What few startups realize is that automation technology will also allow you to conduct better competitive analyses, so that you can understand the marketplace and what’s going on. Considering how important it is for young companies to be hyperaware of their surroundings, automating your competitive analysis responsibilities is a huge bonus.

One thing savvy businesses do is implement automated price comparisons. “Automated price comparisons are a great way to benchmark against your competitors and incorporate business intelligence into your pricing strategy,” entrepreneur Angelica Valentine explains, using ecommerce as an example. “Online retail doesn’t exist in a vacuum and treating your online space and competitors as though they aren’t there is an easy way to lose customers.”

With automated price comparison tools like WisePricer, startups can understand the competition’s pricing strategies and create their own strategies that deliver greater value to the customer. It’s not a foolproof method for success, but it’s far better than manually checking prices, which can eat up valuable hours of the day.

Put Automation to Work for You

“Regardless of whether it’s as basic as pre-scheduling a couple of social media messages, or as intricate as constructing an email marketing funnel – automation is setting down deep roots and everybody is doing it,” entrepreneur Gaurav Sangwani says. While you certainly don’t want to do something just because everyone else is, it’s usually a pretty good sign that something is worth a second look.

The term “automation technology” is quite broad. It can be used to refer to any number of tools or platforms. But, in the most basic sense, automation technology is about making life easier on you and your startup. It streamlines mundane tasks, consolidates resources, and gives you the ability to focus your time, energy, and money on high-returning tasks that allow you to scale in an efficient manner.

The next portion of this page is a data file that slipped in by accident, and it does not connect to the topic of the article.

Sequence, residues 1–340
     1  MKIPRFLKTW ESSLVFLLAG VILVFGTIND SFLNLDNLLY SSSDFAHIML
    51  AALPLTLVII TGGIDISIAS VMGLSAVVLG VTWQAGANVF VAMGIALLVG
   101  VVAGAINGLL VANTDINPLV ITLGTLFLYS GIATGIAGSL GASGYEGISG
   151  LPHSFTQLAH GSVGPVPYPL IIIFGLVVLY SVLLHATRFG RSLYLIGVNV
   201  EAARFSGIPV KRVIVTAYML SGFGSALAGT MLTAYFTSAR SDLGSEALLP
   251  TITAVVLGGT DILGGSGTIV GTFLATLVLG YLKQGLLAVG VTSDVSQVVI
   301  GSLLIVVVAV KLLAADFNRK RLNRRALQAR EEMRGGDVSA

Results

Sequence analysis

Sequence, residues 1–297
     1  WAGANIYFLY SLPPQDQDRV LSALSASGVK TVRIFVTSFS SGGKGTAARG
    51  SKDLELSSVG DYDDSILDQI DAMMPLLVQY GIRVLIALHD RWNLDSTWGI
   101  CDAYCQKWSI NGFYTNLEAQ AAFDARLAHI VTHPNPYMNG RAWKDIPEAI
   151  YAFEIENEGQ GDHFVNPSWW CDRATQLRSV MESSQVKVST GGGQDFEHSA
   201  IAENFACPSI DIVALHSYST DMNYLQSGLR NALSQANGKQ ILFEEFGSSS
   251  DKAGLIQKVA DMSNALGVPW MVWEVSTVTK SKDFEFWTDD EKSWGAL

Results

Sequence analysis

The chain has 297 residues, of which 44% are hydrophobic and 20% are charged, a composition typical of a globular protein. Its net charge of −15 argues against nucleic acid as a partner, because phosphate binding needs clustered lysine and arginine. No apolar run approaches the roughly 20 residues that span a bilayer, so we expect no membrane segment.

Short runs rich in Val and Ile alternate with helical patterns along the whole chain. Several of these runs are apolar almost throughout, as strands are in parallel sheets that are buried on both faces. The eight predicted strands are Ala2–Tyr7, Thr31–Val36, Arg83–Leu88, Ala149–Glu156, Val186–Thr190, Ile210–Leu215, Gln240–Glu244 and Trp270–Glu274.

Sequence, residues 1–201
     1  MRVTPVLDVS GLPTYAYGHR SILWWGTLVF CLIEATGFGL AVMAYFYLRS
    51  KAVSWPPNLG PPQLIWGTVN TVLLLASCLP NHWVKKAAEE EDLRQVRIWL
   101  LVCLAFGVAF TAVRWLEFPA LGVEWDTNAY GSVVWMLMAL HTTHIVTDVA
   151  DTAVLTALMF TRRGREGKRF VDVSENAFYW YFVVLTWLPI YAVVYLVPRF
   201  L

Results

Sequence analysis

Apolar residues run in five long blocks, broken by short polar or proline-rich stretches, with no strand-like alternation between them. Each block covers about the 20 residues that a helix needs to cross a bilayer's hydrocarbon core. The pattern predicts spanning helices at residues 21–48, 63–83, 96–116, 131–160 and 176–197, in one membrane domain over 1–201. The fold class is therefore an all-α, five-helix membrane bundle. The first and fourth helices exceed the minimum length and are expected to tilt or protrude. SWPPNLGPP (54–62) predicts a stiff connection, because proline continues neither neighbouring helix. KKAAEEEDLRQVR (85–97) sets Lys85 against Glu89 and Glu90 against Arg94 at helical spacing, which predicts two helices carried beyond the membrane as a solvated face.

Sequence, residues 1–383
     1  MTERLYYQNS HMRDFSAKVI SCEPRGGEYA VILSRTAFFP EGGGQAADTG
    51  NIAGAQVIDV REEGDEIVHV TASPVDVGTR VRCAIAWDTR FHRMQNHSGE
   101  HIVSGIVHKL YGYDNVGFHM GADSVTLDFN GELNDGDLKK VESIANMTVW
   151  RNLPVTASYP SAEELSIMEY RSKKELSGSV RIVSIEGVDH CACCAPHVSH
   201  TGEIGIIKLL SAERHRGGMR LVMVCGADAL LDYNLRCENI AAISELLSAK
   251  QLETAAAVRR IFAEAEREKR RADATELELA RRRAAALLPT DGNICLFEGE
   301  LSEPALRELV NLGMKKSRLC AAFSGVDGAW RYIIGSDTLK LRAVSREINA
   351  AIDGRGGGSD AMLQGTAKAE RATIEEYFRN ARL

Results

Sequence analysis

If you’ve yet to invest in automation technology, now’s the time. Start slow and take things step by step. As you become familiar with one tool, consider adding another. Before you know it, you’ll have an automated network of systems that gives you hands-free control over your business.

From there, you’ll discover that the proverbial sky is the limit.

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Jeremy WebbFor Startups, Automation is a Key Ingredient to Success
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Infosys is worried, and it shows

Vishal Sikka, N.R. Narayana Murthy

The last year has been a rocky ride for Infosys, India’s second largest IT company.

Like the rest of the country’s $150-billion IT industry, Infosys, too, has been coming to terms with changing immigration policies, visa provisions, and business demands in key markets. Two of Infosys’s cash cows—the US and the UK, where it generated over 61% and 22% of revenue, respectively—are in jeopardy. The uncertainty brought forth by Brexit and US president Donald Trump’s “Buy American, Hire American” policy is rattling confidence.

The strain is clearly showing in Infosys’s latest annual filing with the US Securities and Exchange Commission (SEC), where relatively vaguely-worded risks from the past have taken more definitive shape. Alongside, there is now acknowledgement that an internal boardroom tussle and an onslaught of negative press can also take their toll.

The ticking visa bomb